Tooth whitening 101 – part three
Dentistry Study Club hosted various webinars with Andy Wallace, Megan Fairhall and Affan Saghir on tooth whitening recently. Here is the third in a five-part series covering everything you need to know about offering tooth whitening in your dental practice.
Lockdown has been an opportunity for the dental profession to catch up on their education.
Philips Oral Healthcare sponsored a number of webinars on tooth whitening. The Philips team were delighted to see how so many dentists, hygienists and therapists were enthusiastic to learn more about the subject.
Aerosol-free tooth whitening is an attractive practice builder, which can involve the whole dental team. Here are the questions and answers provided by Dr Affan Saghir, Dr Andrew Wallace and dental hygienist Megan Fairhall during their webinars.
How long should patients whiten for?
Affan Saghir: The protocol takes about three weeks from start to end.
It’s very important to mark the changes of the teeth. Take a good before and after picture, and tell patients to track their treatment to see the marked change.
What length of time should patients use 6% compared with 10%? Is there a difference in results when using the two?
Affan Saghir: The treatment time for 6% hydrogen peroxide gel is 30-60 minutes. Patients should carry this out in the day.
The treatment time for 10% carbamide peroxide gel is four to six hours. So patients should wear trays with the gel overnight.
Patient compliance, rather than the strength of solution, is the most important thing for a good result. Sustained, daily treatment will give the best results. And it’s important to understand your patients.
The 6% is good for those with lighter starting shades, and gives a quick result. It is best for patients who can’t wear trays overnight. Due to the short treatment time, it is a good way to ensure compliance.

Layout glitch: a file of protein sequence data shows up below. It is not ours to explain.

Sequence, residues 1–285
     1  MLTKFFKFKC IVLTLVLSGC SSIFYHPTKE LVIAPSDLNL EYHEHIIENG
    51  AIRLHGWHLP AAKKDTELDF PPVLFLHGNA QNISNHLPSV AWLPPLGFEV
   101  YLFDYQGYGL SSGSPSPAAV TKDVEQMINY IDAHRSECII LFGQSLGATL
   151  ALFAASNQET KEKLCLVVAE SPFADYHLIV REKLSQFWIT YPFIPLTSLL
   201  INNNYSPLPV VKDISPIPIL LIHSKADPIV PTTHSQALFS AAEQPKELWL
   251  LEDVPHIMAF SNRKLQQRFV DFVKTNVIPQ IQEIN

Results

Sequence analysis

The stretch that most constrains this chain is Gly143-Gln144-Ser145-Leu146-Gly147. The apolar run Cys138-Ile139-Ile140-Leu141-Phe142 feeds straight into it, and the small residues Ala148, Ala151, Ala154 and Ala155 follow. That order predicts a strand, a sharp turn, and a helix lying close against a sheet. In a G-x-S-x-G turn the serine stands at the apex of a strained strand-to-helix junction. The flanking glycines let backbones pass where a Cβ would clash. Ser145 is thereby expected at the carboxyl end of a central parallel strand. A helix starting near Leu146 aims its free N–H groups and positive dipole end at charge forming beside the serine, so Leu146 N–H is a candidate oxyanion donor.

However, 10% carbamide peroxide gel is a slower process. It lasts longer so is better for the tooth. It is also more effective for those with darker starting shades, more sensitive teeth or those with tetracycline stains. Although you will need to manage patient expectations if they have tetracycline stains.
The best treatment protocol is to start with 10% gel. The result is the same but with less sensitivity.
Additionally, because it is worn overnight, compliance tends to be higher.
For general maintenance do you just recommend home whitening for two weeks every six months? Or would you just advise to the patient to whiten as they feel appropriate?
Andrew Wallace: In my webinar I described the 3×3 method: three days, three times per year.
Should patients modify diets while whitening?
Andrew Wallace: Only for the 90-120 minutes after each whitening application.
What after-care should you give patients, including recommendations about eating, drinking and smoking?
Andrew Wallace: Avoid highly-coloured foods and drinks for 90-120 minutes after each whitening application.